Despite these obstacles, Frayer has worked to create a moving record of life in Beijing as people deal with the virus, from residents just trying to get through the crisis to the brave volunteers with the humanitarian organization Blue Sky Rescue, who are donning protective suits and disinfection equipment to tackle it head on.
Contentious and often seemingly ineffective, hand dryers have become a virtually invisible part of everyday life.“They’re something you rely on and expect, but don’t ever recall,” says English photographer Samuel Ryde.“I realized that the hand dryer represented the bar,” Ryde says.
Louie learned from his guide that workers spend 12-hour shifts dodging plumes of poisonous smoke (with many protected only by rags tied around their mouths) while carrying up to 180 pounds of sulfur on their backs.
From above, Chesnel discovered, the seaside landscapes of southern France look like abstract paintings, with vibrant bands of color bleeding into each other.“I like pushing the boundary between paintings and photographs,” says Chesnel, who trained as a painter and only recently transitioned into photography.
Like many teenagers growing up in the early- to mid-aughts, Russian photographer Rus Khasanov spent an obscene amount of money on CDs. He displayed his favorites on a shelf—Eminem’s The Marshall Mathers LP, Amy Winehouse’s Back to Black, assorted Harry Potter soundtracks—and protected the rest inside black faux-leather binders, handling the discs with utmost care.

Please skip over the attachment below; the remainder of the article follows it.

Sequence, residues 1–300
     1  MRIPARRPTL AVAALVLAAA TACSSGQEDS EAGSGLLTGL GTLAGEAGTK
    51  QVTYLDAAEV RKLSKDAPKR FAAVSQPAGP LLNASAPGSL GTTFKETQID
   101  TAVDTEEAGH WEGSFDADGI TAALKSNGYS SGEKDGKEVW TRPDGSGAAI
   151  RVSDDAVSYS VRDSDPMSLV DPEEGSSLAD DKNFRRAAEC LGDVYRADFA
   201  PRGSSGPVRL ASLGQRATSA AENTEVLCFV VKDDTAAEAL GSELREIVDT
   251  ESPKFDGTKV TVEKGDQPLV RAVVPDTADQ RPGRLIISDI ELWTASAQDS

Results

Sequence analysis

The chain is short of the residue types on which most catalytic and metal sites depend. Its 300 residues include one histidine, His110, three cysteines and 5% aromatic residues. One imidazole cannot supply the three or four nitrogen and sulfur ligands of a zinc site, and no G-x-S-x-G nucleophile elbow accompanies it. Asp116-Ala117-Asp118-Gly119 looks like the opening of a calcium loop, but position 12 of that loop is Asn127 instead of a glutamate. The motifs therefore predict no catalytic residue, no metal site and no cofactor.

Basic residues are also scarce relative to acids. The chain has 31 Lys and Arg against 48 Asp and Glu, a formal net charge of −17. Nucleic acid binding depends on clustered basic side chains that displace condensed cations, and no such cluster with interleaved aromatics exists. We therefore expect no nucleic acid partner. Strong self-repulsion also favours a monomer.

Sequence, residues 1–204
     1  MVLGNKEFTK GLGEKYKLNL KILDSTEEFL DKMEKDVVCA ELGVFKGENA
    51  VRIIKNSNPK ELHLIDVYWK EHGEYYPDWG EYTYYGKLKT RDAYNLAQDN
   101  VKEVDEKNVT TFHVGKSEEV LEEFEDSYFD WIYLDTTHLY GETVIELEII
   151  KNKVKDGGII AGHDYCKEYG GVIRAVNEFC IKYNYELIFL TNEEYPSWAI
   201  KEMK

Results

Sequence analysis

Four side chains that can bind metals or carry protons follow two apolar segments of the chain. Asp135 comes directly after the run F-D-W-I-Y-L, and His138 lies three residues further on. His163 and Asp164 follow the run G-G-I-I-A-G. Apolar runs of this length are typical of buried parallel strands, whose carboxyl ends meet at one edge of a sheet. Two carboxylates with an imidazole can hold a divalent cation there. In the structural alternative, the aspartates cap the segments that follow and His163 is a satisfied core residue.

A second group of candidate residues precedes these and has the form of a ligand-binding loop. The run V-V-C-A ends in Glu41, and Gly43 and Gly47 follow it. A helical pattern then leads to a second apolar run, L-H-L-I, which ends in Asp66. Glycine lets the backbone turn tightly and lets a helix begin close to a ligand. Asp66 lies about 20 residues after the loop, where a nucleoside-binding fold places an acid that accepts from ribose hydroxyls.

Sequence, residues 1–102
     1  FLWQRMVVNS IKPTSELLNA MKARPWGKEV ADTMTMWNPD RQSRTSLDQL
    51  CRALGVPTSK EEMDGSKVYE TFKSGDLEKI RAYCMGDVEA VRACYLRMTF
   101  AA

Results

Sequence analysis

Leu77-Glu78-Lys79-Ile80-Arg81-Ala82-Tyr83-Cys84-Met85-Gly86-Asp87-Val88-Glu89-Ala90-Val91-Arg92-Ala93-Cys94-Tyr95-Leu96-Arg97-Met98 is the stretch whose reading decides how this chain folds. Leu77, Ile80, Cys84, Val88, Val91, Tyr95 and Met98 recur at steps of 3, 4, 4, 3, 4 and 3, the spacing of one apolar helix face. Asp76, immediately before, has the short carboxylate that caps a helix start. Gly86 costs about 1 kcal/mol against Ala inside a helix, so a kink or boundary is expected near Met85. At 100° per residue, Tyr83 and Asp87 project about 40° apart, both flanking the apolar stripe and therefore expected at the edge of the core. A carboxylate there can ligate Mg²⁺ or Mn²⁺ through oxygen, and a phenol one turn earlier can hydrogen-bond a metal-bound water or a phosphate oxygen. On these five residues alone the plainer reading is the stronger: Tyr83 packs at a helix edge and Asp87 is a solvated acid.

Villagers rented smartphones from the company and paid 50 cents per gigabyte for the data they used, just over 1 percent of the average monthly income.
The image, developed in NASA’s photographic laboratories immediately after the mission and autographed by Bean himself, is one of more than 200 prints peddled by the auction house in its first-ever space photos sale, taking place today.
“Development happened so fast that they haven’t really had a chance to keep up with it the way other societies have,” says Peter Bogaczewicz a Canadian architect and photographer who has lived in the Saudi Arabian capital of Riyadh for the past five years.
Photograph: Elinor CarucciA third of American women undergo hysterectomies, most in their forties, like Carucci.In the book's afterward, she calls red “the color of an angry loss that I feel.”Photograph: Elinor CarucciCarucci—an Israeli American photographer whose award-winning editorial work has appeared in WIRED —isn't one to shut her eyes.